A Nonsolution

Finally, it is important to recognize that allowing thegovernment to invest Social Security funds in private capitalmarkets will do nothing to solve most of Social Security'sproblems. Yes, it will help preserve Social Security's solvency.But it will do nothing to increase the near zero or negative rateof return that can be expected by today's young workers. It will donothing to redress the inequities of the current system thatpenalize working women, the poor, and minorities. It will donothing to give low income workers the opportunity to accumulatereal wealth. And, it will do nothing to give Americans ownershipover their retirement benefits.

The president is right: we need to take advantage of the higherrates of return available through investment in private capitalmarkets. But that should be done not through government investment,but through individual accounts.

Thank you.


  1. Testimony of Alan Greenspan before the Senate Committee onBanking, July 21, 1998.
  2. 1998 Report of the Board of Trustees of the Federal Old-AgeSurvivors and Disability Insurance Program (Washington: GovernmentPrinting Office, 1998).
  3. Robert Myers, Social Security (Philadelphia: University ofPennsylvania Press, 1993), p. 142.
  4. Supporters of government investing may actually be understatingthe difference in returns. Under the current system, the interestattributed to the government securities does not actually representa cash transfer but is attributed to the Social Security TrustFund, which makes the interest more notional than real. When thetime comes that payments must be made from the trust fund, thefederal government will have to appropriate the attributed interestfrom general revenues. Thus, like the government securitiesthemselves, the interest payments do not represent real currentwealth, merely a promise by the government to tax futuregenerations of workers. In contrast, if the government invested inequities or other assets outside the government, any return wouldresult in a real increase in the system's assets.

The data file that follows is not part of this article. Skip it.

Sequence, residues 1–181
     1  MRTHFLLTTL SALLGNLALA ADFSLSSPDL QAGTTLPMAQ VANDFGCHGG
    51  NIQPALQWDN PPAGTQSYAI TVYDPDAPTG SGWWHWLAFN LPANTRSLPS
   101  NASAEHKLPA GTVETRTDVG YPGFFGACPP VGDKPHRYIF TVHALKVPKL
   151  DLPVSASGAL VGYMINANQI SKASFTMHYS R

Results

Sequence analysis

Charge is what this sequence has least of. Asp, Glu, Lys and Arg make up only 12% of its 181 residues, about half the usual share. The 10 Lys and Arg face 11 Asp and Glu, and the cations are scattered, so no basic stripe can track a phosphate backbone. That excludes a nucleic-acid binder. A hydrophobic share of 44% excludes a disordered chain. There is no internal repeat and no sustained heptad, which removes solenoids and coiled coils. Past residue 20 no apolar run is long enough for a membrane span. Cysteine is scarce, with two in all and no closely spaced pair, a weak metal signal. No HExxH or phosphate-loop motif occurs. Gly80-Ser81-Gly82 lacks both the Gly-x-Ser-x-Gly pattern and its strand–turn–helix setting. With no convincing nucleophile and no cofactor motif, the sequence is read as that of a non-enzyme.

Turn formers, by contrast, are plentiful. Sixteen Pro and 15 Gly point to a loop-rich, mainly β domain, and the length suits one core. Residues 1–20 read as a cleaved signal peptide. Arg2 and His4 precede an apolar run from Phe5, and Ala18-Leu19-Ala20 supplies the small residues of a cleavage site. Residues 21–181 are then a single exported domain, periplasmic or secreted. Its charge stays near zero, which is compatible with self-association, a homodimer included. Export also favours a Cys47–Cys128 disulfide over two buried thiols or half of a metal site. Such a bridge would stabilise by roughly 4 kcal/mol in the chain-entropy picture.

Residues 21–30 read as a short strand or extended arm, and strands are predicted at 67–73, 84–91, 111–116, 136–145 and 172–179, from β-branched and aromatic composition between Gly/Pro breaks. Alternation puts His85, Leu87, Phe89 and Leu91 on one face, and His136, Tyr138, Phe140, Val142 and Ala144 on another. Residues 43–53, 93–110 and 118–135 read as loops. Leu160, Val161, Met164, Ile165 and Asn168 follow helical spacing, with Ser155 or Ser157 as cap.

5. Congressional Record, Vol. 81, Part 2, 75th Congress (March 17,1937), p. 2324.
  6. Report of the 1994-1996 Advisory Council on SocialSecurity, Volume I: Findings and Recommendations (Washington:Government Printing Office, 1997), pp. 25-28.
  7. Peter Passell, "Can Retirees' Safety Net be Saved?" New YorkTimes, February 18, 1997.
  8. Theodore Angelis, "Investing Public Money in Private Markets:What Are the Right Questions?" Presentation to a conference on"Framing the Social Security Debate: Values, Politics, andEconomics," National Academy of Social Insurance, Washington, D.C.,January 29, 1998.
  9. "Quoted in Michael Eisenscher and Peter Donohue, "The Fate ofSocial Security," Z Magazine, March 1997.